BRIGADIER General Godfrey Miyanda has challenged Edgar Lungu to stop crying wolf and produce evidence to his claims that the UPND is behind the burning of markets in Lusaka.
In an interview, Brig Gen Miyanda, who is former Republican vice-president, said president Lungu spread rumours that the burning of Bauleni Market in Lusaka in the early hours of August 23 was done by Hakainde Hichilema’s UPND, which was not true.
“He alleged that this is the promised Armageddon. Speaking for myself, I cannot believe the president-elect’s claims until he confirms that he will be a willing witness and be ready to testify under oath while holding the Holy Christian Bible,” Brig Gen Miyanda said.
“I say so because prior to these latest fires and before the elections, we had several incidents of fires in markets in Lusaka, Copperbelt and other parts of the country.
A number of these incidents were reported by our Muvi television. At that time there, was no mention of UPND, Tongas or any other tribe. It was reported that either the owner of a shop left a candle carelessly or there was a load-shedding-related fire outbreak. But now suddenly we are being told that these fires are being started by Tonga people. I do not believe him and suspect that he is merely crying Wolf, Wolf and Wolf!”
He said lies following the inevitable collapse of the Referendum and the accompanying hate messages against one tribe and one candidate were not justified and must be stopped forthwith.
And Brig Gen Miyanda has asked president Lungu to remove the unconstitutional ban on Muvi TV, Komboni and Itezhi-tezhi radios as well as The Post newspapers.
He said president Lungu was spreading rumours that needed to be verified through the media the government had shut down, adding that the Independent Broadcasting Authority was interfering with people’s right to receive ideas and information which could be imparted through their favourite media.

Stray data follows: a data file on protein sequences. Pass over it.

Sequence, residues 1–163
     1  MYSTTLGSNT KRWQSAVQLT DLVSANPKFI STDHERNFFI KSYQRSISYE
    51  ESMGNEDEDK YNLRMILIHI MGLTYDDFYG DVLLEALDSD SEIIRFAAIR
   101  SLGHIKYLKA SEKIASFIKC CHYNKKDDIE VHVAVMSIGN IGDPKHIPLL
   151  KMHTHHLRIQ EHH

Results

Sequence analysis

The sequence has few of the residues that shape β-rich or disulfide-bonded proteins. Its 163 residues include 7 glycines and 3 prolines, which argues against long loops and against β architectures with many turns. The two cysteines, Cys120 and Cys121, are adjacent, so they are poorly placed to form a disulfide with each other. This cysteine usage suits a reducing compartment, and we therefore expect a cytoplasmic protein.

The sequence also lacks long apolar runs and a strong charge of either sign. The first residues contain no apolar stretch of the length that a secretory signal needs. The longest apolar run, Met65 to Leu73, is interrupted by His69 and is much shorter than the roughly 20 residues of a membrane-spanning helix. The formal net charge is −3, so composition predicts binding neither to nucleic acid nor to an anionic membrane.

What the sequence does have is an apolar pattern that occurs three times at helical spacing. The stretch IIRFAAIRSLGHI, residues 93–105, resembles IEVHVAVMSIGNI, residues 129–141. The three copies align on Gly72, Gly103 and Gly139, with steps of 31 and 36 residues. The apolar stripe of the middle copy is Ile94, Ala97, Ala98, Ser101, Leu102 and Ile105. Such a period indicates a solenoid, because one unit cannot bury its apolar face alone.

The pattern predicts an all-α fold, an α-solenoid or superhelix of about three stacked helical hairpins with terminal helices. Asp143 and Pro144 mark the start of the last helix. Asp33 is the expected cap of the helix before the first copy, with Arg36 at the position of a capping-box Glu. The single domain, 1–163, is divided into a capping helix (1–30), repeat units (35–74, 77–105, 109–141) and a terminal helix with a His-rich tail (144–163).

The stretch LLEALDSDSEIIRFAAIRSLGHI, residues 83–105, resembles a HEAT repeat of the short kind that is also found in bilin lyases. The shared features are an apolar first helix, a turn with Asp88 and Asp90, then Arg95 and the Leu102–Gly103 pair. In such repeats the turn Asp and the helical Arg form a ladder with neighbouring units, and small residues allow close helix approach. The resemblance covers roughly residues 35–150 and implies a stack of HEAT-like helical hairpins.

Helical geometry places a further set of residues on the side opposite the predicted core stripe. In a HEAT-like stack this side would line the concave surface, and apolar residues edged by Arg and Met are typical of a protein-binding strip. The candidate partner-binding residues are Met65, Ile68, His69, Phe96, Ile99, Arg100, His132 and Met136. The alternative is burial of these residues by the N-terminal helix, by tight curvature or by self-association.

“From now on each time he makes his allegations, we shall first ask Muvi and the other stations as well as The Post to verify and authenticate his claims,” Brig Gen Miyanda said.
He urged Muvi TV viewers to demand their subscription fee refunds from the government.
“I call on all affected citizens to consider making claims against the government to refund our subscriptions because it is not Muvi TV’s fault. I hear that some citizens are advising Muvi not to seek legal redress but go cap in hand on bent knees to beg the powers that be. I say to Muvi, this is a matter of life or death for you and your staff; it is not just about the licence,” Brig Gen Miyanda advised.
“While the complaint is against the withdrawal of the licence, the breach goes beyond just a licence because the act is a breach of Article 21 (1) of the Constitution of Zambia. Those Zambians who have been rejoicing at the closure of The Post and Muvi, Komboni and Itezhi-tezhi radios do not mean well for Zambia.”
He wondered how the PF expected people to support the updated Bill of Rights when the ruling party was disrespecting what was contained in the current Bill of Rights.
“I ask the question again and again: how do you promote and protect a right that does not exist but rejoice when an existing right is trashed by the government?” asked Brig Gen Miyanda.
“See here, Article 21 (1) which survived the Referendum vote, quoted verbatim ‘Except with his own consent, no person shall be hindered in the enjoyment of his freedom of expression, that is to say, freedom to hold opinions without interference, freedom to receive ideas and information without interference, freedom to impart and communicate ideas and information without interference, whether the communication be to the public generally or to any person or class of persons, and freedom from interference with his correspondence’. This is one of the rights already in Part III of the Constitution of Zambia and was there before the Referendum was held!”